The sound of trains rumbling through the city at all hours has been a fact of life for Amsterdam residents for many years. But Fire Chief Michael Whitty said Wednesday that most people don’t realize just how much flammable oil passes through the city on those trains every day. Recent accidents involving tanker cars have raised awareness of the potential danger to small communities like Amsterdam. Fortunately, the Amsterdam Fire Department recently received a Class B foam apparatus trailer from the NY State Department of Homeland Security which will help the fire department to better handle a tanker fire, whether it happens in the city, or in the surrounding region.
“Basically the state came up with a foam task force initiative,” explained Whitty. “And all along this rail line, they’ve identified strategic locations where they want to place these trailers. So they approached us and asked us if we would house one. The nearest one west of us is in Utica, and the nearest one to the east is Albany. That would be our response area. If there was an incident, there would be more than one of these going.”
Whitty said that all the staff at AFD recently underwent training to use the new apparatus. He also said that there are additional foam tanker trucks, called “foam tenders,” stationed in Guilderland that could re-supply the apparatus during an incident if needed.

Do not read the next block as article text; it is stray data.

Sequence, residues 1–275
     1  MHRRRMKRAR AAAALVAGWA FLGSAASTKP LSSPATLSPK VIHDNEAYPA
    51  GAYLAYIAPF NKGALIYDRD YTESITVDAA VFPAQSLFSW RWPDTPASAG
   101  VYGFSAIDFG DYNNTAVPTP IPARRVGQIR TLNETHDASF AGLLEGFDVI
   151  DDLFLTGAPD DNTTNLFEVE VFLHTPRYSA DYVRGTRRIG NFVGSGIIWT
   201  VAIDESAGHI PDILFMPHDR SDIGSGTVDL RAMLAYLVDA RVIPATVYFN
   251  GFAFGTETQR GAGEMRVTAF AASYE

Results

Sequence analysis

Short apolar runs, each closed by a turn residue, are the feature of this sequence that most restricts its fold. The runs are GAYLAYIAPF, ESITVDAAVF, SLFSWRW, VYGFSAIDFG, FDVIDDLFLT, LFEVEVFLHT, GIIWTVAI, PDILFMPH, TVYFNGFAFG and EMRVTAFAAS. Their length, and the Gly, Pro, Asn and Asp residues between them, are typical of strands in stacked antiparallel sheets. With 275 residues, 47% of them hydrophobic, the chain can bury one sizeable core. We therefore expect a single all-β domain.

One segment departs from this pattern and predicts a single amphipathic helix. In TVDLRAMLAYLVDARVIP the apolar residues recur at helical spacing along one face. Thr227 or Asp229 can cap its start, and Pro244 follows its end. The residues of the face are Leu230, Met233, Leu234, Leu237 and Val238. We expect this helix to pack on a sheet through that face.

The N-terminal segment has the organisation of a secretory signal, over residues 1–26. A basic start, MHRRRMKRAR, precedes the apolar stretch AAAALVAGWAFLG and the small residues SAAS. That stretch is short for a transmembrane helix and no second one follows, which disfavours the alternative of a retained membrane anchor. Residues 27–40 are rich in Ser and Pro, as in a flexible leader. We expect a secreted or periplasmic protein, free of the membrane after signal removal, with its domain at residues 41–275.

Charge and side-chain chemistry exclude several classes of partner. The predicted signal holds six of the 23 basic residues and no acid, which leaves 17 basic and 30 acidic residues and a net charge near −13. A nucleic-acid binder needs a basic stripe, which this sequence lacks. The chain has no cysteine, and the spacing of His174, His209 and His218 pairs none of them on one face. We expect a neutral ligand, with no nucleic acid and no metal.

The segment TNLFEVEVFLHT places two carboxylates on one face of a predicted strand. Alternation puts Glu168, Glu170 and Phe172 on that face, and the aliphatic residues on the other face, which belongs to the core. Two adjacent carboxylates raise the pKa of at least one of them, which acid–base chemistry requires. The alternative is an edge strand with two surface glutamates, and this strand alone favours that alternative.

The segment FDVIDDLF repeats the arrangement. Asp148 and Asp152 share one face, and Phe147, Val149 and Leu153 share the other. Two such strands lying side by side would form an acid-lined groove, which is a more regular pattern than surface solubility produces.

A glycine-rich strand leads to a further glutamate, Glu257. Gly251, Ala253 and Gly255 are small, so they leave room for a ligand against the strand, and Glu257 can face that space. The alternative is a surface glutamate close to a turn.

According to AFD officer Tim Miller, who is also the hazardous materials team leader for Montgomery County, there may be millions of gallons of crude oil passing through the city every day. Miller said that each tanker car holds approximately 30,000 gallons of oil, and an average 80,000 tanker cars pass through the city per year.
Miller said that the 660 gallon capacity of the trailer is enough to handle a fire from one tanker car or tractor trailer.
Whitty said that if the apparatus was used within the city, such as for a tractor trailer incident, the city would have to pay to replace the foam. However, if the department responded to the state for a regional incident along the railway, that the state would reimburse the city to replace the foam, as well as for additional staff time to cover for the responding officers.
In either case, Whitty said that usually the company who owns the tanker car or tractor trailer could be billed to cover the cost of handling the incident.
The danger posed by tanker cars passing through population centers along the railways has gained increasing attention lately. According to CNN, there have been 10 accidents involving trains carrying oil in US and Canada in the last two years. The highest profile case was in 2013 when 47 people were killed in Lac Megantic, Quebec when a tanker car caught fire and exploded in the center of the town.
Whitty called the NY State’s foam task force initiative “pro-active” and said, “It’s definitely an asset to our community, and our area, as well as for the state.”